Use of X-Ray Computed Tomography in the Study of Marine Sediments

by Thomas H. Orsi, Texas A&M Univ, College Station, United States,
Aubrey L. Anderson, Texas A&M Univ, College Station, United States,
John N. Leonard, Texas A&M Univ, College Station, United States,
William R. Bryant, Texas A&M Univ, College Station, United States,
Carl M. Edwards, Texas A&M Univ, College Station, United States,



Document Type: Proceeding Paper

Part of: Civil Engineering in the Oceans V

Abstract: X-ray computed tomography (CT scanning) is primarily a medical imaging technique. When applied to marine sediments, it responds predominately to the spatial density distribution within an object and thereby permits 2- and 3-dimensional visualization of internal structures. Examination of a Gulf of Mexico continental shelf sediment sample by CT detected shell fragments, burrows and gas bubbles. CT-derived density estimates are well correlated with estimates of bulk density obtained through traditional methods, except when sediment constituents purposely excluded from traditional sampling, such as shells, are included in the computation of CT density.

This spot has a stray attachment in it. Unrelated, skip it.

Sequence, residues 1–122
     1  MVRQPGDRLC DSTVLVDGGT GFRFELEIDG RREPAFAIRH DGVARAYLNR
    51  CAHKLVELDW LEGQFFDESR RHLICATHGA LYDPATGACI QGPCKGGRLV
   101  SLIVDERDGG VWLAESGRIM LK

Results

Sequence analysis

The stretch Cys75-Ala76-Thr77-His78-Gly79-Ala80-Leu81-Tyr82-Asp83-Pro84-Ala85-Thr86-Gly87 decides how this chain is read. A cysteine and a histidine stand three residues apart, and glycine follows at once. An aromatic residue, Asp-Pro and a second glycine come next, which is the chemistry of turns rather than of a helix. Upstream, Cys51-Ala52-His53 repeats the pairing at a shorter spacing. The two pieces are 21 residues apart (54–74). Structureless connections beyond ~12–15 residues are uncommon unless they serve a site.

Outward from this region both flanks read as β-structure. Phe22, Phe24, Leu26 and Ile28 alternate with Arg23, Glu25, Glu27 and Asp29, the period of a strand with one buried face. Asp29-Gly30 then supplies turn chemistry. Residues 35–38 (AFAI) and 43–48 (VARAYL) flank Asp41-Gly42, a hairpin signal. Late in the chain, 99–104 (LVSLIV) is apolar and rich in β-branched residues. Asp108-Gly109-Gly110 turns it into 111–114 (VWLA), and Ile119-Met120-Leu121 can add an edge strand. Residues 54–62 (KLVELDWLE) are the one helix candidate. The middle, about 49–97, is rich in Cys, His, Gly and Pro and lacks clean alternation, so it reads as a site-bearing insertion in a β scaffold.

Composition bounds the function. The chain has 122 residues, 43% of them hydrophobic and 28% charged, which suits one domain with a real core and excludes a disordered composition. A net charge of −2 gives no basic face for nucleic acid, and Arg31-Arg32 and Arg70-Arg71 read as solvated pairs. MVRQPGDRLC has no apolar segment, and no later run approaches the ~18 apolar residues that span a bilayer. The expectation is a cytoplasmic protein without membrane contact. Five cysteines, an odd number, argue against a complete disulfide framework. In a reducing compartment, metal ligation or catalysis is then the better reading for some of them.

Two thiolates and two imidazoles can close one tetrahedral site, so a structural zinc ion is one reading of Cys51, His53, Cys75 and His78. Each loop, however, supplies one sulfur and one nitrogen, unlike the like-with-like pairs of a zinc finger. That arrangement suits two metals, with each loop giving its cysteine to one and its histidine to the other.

Subject Headings: Sediment | Seas and oceans | Radiography | X rays | Density (material) | Imaging techniques | Spatial distribution | Permits | North America | Connecticut | United States | Gulf of Mexico

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